The National  Memo Logo

Smart. Sharp. Funny. Fearless.

Monday, December 09, 2019 {{ new Date().getDay() }}

WASHINGTON, District of Columbia (AFP) – President Barack Obama expressed concern in an interview published Sunday over widening income inequality and an erosion in upward mobility that he said is leading to a fraying of American society.

Obama told the New York Times that a growing gap between rich and poor and the lack of opportunities for average Americans to get ahead represents a sharp break with a long-held social compact which is central to the national identity.

Upward mobility once “was part and parcel of who we were as Americans,” Obama told The Times. “That’s what’s been eroding over the last 20, 30 years — well before the financial crisis. If we don’t do anything, then growth will be slower than it should be. Unemployment will not go down as fast as it should. Income inequality will continue to rise.”

“That’s not a future that we should accept,” Obama added.

The remarks echo comments he made this past week during a campaign-style swing in which he challenged a hostile Congress to work with him to restore middle class prosperity.

During stops in Illinois, Missouri and Florida, Obama made a robust defense of his stalled economic initiatives, which have been bottled up in the Republican-led House of Representatives.

The president said the financial meltdown of several years ago is still having a negative economic impact on middle and working class Americans, who already have been losing ground for at least a generation.

Obama’s efforts to re-initiate a debate over the economy comes with Congress reloading for a new round of battles over spending cuts and raising the debt ceiling.

He has touted his administration’s rescue of the auto industry, its health care reforms and its shoring up of the financial sector, among other achievements that have helped turn the economy around.

But it is vitally important, he said, that ordinary American reap the benefits of economic resurgence.

The president added: “If the economy is growing, everybody feels invested. Everybody feels as if we’re rolling in the same direction.”

While the economy is “far stronger” than when he took office four years ago, Obama said average Americans still do not feel secure about their future,” saying middle class people in the country are “anxious” and “frustrated.”

The president is bracing for renewed clashes with Republican lawmakers over the budget, battles which threaten to hurt the economy anew.

Republicans accuse Obama of offering nothing but higher spending and bigger government, and on Wednesday Republican House leader John Boehner mocked the president’s latest initiative.

The president hopes to negotiate a new budget compromise by October — the end of the current fiscal year — in order to head off the threat of a government shutdown.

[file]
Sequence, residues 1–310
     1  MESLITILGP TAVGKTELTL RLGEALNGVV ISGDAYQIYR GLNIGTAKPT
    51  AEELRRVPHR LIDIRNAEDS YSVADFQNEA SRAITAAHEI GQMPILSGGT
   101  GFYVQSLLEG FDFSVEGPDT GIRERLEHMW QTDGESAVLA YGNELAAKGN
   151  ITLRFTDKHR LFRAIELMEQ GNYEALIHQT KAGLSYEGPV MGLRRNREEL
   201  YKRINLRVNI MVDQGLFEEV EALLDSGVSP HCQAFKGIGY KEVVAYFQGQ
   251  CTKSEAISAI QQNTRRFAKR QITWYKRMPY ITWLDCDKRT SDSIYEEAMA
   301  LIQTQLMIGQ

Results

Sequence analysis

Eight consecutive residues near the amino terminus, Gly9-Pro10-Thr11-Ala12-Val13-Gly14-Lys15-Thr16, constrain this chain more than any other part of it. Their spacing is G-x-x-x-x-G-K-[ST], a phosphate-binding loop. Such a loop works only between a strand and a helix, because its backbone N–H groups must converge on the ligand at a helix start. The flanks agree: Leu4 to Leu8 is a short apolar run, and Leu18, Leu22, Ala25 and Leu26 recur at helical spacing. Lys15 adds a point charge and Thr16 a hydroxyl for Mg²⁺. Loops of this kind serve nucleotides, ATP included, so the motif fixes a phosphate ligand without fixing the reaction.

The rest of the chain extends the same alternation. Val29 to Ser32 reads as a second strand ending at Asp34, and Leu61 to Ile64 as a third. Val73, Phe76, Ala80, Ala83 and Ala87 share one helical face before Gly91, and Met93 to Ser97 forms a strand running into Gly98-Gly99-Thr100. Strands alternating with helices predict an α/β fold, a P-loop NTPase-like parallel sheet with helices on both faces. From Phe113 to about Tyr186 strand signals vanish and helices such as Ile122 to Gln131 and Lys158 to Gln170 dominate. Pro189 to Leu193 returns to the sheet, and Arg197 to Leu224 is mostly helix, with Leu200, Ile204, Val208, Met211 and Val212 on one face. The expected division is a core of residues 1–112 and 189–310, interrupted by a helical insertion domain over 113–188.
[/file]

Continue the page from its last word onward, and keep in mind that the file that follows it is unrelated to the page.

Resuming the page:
As the November 2014 midterm elections loom in the distance, a new standoff over the debt ceiling looks increasingly likely.

Obama told The Times that he is eager to work with his Republican opponents — if they show the willingness and flexibility to work with him.

“I will seize any opportunity I can find to work with Congress to strengthen the middle class, improve their prospects, improve their security,” the president said.

But he added that he would not back down from a fight with his Republican opponents.

“I’m not just going to sit back if the only message from some of these folks is no on everything, and sit around and twiddle my thumbs for the next 1,200 days,” President Obama said.

Start your day with National Memo Newsletter

Know first.

The opinions that matter. Delivered to your inbox every morning

Reprinted with permission from MediaMatters

The Atlantic staff writer Adam Serwer has a must-read new piece, "Trump's Plans for a Coup Are Now Public," really examining the scope of former President Donald Trump's multiple attempts to overthrow the results of the 2020 election.

Putting these pieces together becomes especially important in light of the newly revealed memo by Trump attorney John Eastman, who proposed that Vice President Mike Pence should have unilaterally refused to count Joe Biden's Electoral College votes — or even have just declared Trump the winner — at the joint session of Congress on January 6.

Keep reading... Show less

Mark Meadows

The House of Representatives select committee investigating the events of January 6 issued subpoenas on Thursday to former White House Chief of Staff Mark Meadows and three other allies of former President Donald Trump.

These are the first subpoenas announced by the committee and represent its intensifying interest in what transpired in the White House before and during the assault on the Capitol.

Keep reading... Show less
{{ }}